When the Chinese carmaker Geely acquired Volvo, many questioned whether Geely would be able to maintain the quality of the beloved Swedish brand, let alone improve it. But today, five years later, those doubts seem to have been squelched: The all-new Volvo XC90 is handsome, technology-rich and a worthy successor to the original XC90, Volvo’s bestselling SUV.
I had the pleasure of testing Volvo’s latest recently in Santa Monica. Not exactly the kind of tough turf to show off its all-wheel-drive capabilities, but I understood Volvo’s choice: SoCal is ground zero for people who want—and like to show off—their wheels.
I first drove the T6 (from $48,900), the less powerful version (316 horsepower), which shares a 2-liter 4 cylinder engine with its more expensive stablemate, the T8. Climbing inside, I had a rare experience: immediate surprise and delight. Volvo had handed me the higher-spec T6 Inscription model, which was swathed in blond nappa leather (how LA), tasteful aluminum inlays and 20-inch wheels. The whole cabin felt airy and bright (thanks to a laminated sunroof 50% bigger than its predecessor’s), and the attention to detail was clear—diamond-cut control knobs, orthopedically designed seats, a large swipeable touchscreen. The 1400-watt, 19-speaker Bowers & Wilkins sound system was equally impressive and offers multiple settings, including Gothenburg Concert Hall (nice Swedish touch!).
Driving the T6 was a pleasure, too. For a large, three-row SUV, the XC90 felt spry with smooth power and feather-light steering. The only thing I didn’t like was the heads-up display, which was slightly blurry and hard to read in the Santa Monica sun—more of a distraction than an assist.
One of the many clever things the Swedes did in the XC90 was to raise the height of the third row of seats, theater-style, which gives passengers back there better visibility. Volvo also gave them cupholders and storage compartments. The second row of seats can recline and also slide forward and backward five inches for customizing comfort. Both the second and third rows can also fold flat, which yields a healthy 85 cubic feet of cargo space.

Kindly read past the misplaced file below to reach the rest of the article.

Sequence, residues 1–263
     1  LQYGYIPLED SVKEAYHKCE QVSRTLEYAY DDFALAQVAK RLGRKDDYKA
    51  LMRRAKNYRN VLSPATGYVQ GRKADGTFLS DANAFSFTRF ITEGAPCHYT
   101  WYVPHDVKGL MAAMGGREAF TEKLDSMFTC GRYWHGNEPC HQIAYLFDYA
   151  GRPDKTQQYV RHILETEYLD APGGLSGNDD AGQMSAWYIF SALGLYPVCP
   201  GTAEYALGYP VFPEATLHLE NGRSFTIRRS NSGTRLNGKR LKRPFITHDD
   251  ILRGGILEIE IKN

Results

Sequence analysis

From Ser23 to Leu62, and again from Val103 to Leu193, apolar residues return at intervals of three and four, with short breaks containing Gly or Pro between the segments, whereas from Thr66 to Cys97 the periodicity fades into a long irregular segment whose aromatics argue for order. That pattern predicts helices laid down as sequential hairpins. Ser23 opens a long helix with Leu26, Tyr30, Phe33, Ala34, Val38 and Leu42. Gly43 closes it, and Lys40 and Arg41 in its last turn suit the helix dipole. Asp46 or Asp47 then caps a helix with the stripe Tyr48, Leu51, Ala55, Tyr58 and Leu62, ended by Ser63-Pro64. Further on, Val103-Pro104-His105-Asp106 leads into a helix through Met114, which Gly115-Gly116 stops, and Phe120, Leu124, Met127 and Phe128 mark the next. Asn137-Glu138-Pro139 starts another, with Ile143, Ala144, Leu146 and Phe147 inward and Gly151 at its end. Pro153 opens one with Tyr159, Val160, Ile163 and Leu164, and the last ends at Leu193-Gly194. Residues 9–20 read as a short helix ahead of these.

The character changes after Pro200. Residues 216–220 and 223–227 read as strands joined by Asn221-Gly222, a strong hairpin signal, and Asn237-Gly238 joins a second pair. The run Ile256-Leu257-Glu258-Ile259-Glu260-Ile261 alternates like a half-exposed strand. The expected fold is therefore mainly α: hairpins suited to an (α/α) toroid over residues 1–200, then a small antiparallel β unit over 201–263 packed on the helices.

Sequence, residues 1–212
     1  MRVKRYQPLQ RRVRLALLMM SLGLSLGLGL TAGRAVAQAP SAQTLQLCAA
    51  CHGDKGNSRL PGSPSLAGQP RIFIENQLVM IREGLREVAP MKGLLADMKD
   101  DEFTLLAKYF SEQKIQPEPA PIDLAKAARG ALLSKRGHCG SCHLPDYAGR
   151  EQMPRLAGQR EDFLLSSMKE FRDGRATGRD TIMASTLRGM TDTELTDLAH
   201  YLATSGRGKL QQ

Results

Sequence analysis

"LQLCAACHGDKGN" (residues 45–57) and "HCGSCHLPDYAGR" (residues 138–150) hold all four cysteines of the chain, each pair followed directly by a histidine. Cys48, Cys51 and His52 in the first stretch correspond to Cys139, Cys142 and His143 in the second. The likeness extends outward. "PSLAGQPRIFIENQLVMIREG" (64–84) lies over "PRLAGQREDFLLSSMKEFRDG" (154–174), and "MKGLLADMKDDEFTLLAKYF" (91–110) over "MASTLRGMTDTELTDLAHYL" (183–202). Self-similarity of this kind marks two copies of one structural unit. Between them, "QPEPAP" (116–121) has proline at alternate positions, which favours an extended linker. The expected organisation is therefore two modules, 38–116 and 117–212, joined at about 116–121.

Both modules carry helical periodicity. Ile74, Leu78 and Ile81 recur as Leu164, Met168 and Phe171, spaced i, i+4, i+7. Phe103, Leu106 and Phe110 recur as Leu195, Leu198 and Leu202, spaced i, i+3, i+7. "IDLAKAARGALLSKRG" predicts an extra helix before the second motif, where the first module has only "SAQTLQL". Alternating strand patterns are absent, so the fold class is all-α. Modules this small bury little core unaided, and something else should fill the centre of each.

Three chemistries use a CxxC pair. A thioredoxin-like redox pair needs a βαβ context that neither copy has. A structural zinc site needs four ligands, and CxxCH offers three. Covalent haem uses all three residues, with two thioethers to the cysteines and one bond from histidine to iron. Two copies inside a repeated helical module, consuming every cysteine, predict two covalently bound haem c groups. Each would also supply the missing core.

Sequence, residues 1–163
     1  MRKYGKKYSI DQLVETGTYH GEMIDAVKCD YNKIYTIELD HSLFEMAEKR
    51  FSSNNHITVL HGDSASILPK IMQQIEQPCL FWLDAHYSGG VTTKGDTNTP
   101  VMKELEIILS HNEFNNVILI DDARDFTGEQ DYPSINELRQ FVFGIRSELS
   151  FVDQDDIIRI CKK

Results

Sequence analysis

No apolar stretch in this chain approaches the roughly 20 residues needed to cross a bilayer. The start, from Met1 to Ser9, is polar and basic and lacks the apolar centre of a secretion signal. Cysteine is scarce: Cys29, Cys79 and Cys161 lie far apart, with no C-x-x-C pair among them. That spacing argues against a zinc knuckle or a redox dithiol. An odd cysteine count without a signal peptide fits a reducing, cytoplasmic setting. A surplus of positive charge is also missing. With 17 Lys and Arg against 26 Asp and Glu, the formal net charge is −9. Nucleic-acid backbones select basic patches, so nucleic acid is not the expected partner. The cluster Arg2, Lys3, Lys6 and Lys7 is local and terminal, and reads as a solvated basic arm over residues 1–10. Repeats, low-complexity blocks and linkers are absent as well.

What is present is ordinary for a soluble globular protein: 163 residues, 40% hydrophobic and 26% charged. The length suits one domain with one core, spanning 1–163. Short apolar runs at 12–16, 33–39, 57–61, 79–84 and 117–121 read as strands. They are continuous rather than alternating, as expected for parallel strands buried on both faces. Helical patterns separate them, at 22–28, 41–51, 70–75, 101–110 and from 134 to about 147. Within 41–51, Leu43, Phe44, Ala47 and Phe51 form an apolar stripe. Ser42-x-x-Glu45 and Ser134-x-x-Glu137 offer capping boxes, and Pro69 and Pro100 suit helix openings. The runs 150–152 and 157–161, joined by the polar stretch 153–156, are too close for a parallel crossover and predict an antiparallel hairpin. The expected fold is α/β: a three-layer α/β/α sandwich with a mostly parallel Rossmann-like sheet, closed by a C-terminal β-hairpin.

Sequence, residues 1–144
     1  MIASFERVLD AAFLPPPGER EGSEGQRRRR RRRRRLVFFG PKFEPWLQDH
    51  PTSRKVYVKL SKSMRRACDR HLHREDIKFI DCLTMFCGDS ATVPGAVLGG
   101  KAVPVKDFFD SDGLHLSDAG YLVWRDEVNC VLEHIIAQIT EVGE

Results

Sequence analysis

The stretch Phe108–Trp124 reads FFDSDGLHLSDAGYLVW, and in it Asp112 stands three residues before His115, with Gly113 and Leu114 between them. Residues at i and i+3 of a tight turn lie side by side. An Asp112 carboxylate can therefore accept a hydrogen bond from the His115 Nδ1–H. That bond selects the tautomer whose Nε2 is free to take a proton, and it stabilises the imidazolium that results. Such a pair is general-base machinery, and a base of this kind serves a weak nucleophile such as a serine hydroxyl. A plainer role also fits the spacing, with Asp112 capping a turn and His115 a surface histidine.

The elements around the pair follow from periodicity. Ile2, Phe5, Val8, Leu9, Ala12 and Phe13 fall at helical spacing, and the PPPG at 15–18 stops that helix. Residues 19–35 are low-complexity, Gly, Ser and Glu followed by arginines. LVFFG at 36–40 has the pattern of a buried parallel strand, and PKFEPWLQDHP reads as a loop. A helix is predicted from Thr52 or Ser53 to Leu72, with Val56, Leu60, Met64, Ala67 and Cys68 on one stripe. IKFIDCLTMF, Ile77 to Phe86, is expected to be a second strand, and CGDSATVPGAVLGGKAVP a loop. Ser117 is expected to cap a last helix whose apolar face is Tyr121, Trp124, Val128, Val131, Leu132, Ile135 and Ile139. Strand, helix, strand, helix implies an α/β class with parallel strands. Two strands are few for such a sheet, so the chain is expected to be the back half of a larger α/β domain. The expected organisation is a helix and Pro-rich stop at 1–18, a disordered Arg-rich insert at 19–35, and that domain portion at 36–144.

I also drove a T8 (from $61,900), which carries the distinction of being the world’s first seven-passenger plug-in hybrid. With the addition of the electric motor, the T8’s ‘s power jumps to 400 horsepower with 472 lb. ft. of torque. The T8 was itching to go faster, a sensitive racehorse when accelerating and braking. The Volvo folks onsite assured me that in the pre-production version I tested, some of the final finessing—smoothness of the throttle tip-in and the brake pedal sensitivity—would be further refined. But even with all that oomph, the company claims that the T8 gets 59 mpg combined (gas and electric modes).
The good news continues: for all the XC90’s good looks and brawn, there’s a MENSA-level brain in there, too. Back in 2007, Volvo publicly promised the world that by 2020, no one would ever be killed or seriously injured in a new Volvo car. Continuing to make good on that promise, the XC90 boasts no fewer than 16 world firsts in safety, including auto braking at intersections, new pedestrian and cyclist detection sensors, and a rear-collision avoidance system, to name a few.
While all that technology is invisibly working while you drive, the interactive systems inside the XC90 are also working to make you feel secure. On the easy-to-use touchscreen, you can drag and drop icons to customize what options you see, and the owner’s manual is one top-to-bottom swipe away for ease of reference. The voice-activated commands are actually intuitive: I told the system “I’m freezing!” and the XC90 immediately adjusted the temperature upward. And when I got to the end of a narrow dirt road in the Malibu canyons, the plan-view camera system helped me execute a multi-point turn while watching the screen and never getting too close to the steep drop-off on one side.
Volvo has long been a safe choice for buyers, literally, but never a truly luxurious one. With the 2016 XC90, that changes and the likes of Mercedes, BMW, Audi and Lexus had better pay attention—there’s a serious new player on the luxury scene, and one that offers a refreshingly different version of high-end quality.